Cream-based Alfredo has a more specific list of guests to invite to the table. Naturally, this sauce has an affinity for fettuccine. But Alfredo also works effectively with other broad-shaped pasta, like tagliatelle. Lighter meats and fish like chicken and shrimp are a natural match, as are green vegetables like peas, broccoli, and spinach. You can even incorporate spinach into the sauce itself to add layers of taste and texture — not to mention, vitamins.

Other uses

Marinara moves quickly from the center of a traditional Italian table to find itself in all sorts of flavorful spots. You can use this zesty red spread on pizzas or meatball subs, adding a dash of heritage to these hearty favorites. Create calzones filled with cheese, meat, and veggies with a robust marinara blast. Or pour the sauce into a ramekin and serve it with fried mozzarella sticks and ravioli for a beloved bar-bite selection. Marinara also doubles as a dip for bread, as an alternative to olive oil and herbs, and perfectly dresses up cooked or raw broccoli and cauliflower.

With Alfredo in your kitchen, you have a luxurious sauce that can turn dinner time into an elegant affair. White pizza with Alfredo sauce makes a gourmet departure from your usual pie. You can even add it to soups to lend a creamy element, as well as in lasagna to take a familiar recipe into new territory. Alfredo also makes a great addition to dip platters and can sit shoulder-to-shoulder with marinara as an inspired party pair-up that gives your guests options. Use breadsticks, herbed toasts, and crudités as sturdy dipping fare for your sauces.

How long does each last in the fridge?

While jarred marinara may often contain preservatives, it won't last forever in the fridge. In an interview with Southern Living, executive director of Partnership for Food Safety Education Britanny Saunier explains that leftover sauce should be frozen or used within four days of being opened. She also advises that unopened jars should be checked periodically and disposed of if older than 18 months. If you've taken pains to make more than you can use in a single sitting, freezing the extra should be part of the plan.

Food facts website Does It Go Bad? provides similar information about Alfredo sauce, providing a guideline of three to four days for both jarred and fresh versions. Alfredo also has dairy ingredients that may necessitate a shorter shelf life for unopened jars. Using the expiration dates printed on the label or jar lid is the safest way to decide whether you should use your Alfredo, or throw it away and purchase a new jar. As with all food safety, if there's any question about the freshness of your Alfredo sauce, it's best to err on the side of caution.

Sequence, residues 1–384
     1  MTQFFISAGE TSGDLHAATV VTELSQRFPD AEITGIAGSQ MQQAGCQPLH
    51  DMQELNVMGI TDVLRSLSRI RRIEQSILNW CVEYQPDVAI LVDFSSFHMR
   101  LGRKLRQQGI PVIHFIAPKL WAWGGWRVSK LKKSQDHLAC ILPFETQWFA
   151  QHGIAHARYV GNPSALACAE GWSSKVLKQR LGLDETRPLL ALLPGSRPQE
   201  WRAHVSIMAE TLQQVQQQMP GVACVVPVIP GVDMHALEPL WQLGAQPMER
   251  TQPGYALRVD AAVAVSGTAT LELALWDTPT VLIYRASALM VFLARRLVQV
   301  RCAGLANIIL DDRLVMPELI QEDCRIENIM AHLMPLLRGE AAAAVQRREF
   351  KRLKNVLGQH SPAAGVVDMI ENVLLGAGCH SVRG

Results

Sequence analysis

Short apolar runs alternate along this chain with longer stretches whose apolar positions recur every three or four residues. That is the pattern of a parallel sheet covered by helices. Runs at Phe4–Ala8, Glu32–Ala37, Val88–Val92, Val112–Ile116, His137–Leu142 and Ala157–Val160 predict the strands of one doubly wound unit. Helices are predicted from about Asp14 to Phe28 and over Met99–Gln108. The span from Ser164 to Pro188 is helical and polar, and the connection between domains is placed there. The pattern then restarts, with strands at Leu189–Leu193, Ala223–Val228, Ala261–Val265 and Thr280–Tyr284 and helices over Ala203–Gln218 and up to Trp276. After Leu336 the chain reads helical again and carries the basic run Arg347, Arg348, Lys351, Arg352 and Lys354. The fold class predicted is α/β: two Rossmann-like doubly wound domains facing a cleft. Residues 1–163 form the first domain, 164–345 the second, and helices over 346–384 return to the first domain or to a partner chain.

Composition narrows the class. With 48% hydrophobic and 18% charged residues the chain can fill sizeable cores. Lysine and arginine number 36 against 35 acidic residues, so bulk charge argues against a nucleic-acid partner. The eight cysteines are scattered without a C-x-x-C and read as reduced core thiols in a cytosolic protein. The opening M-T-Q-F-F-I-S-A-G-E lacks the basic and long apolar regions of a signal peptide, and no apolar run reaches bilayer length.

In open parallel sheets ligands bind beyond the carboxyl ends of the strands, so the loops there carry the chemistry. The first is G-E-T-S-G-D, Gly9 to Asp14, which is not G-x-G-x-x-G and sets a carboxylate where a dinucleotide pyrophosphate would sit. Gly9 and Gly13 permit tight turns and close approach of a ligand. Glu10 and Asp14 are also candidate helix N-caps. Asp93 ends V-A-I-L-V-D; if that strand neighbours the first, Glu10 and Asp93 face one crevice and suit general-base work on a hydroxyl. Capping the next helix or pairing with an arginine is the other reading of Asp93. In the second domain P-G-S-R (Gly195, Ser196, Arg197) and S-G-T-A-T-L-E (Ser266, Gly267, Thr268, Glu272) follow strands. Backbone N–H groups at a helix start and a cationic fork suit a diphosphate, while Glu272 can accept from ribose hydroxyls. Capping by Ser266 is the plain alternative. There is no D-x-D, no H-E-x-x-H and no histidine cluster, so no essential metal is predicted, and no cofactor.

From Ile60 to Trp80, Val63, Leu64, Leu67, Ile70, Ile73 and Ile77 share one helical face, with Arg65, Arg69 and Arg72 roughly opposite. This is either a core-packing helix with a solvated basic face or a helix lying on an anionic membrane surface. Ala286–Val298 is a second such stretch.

How do you successfully reheat each?

Properly reheating marinara sauce is one of the most important kitchen techniques you can learn, especially if you're making your own. You'll extend the use of your sauce and have a handy supply of pasta topping and dipping sauce whenever your dish calls for it. To reheat your marinara, pour it into a pot and heat it on the stovetop over medium heat. Bring the liquid to a boil, giving it a few stirs along the way. Then, turn the heat down to a low setting and let the sauce simmer for about 10 minutes, leaving the lid off and stirring occasionally.

Reheating Alfredo sauce is a bit touchier, as the butter has a tendency to separate and ruin the texture. The stovetop method begins by adding a tablespoon of butter to Alfredo in a saucepan, heating it over medium, and stirring with a wooden spoon the whole time. You can add milk or water to thin out a thicker sauce, and for a little extra flavor, refresh it with pepper and Parmesan. You'll have a smooth resurrection of your Alfredo sauce to dress new dishes.

What happens when you mix the two together?

Alfredo and marinara have more of a cooperative relationship than their drastic differences might suggest. Blending the two in a single recipe will result in a sauce that can be referred to as rose, rosé, or rosa, depending on whose kitchen you're cooking in. A rose sauce is a quick recipe to create, with ingredients from the two sauces occupying a single pot. An even easier way to enjoy this heavenly hybrid is to open a jar of each and blend them together. Remember to freeze the leftovers, either individually or mixed, so you can savor your rose pasta sauce in future meals.

This tricky twist might sound similar to vodka sauce, which uses a tomato base with cream with a little clear spirit dropped in to elevate the zing. Whatever you choose to call it, eliminate the struggle of choosing between marinara and Alfredo sauces, and give both an equal shake. Whether you serve them up separately or swirl them together, a table that offers a variety of sauces will leave everyone satisfied.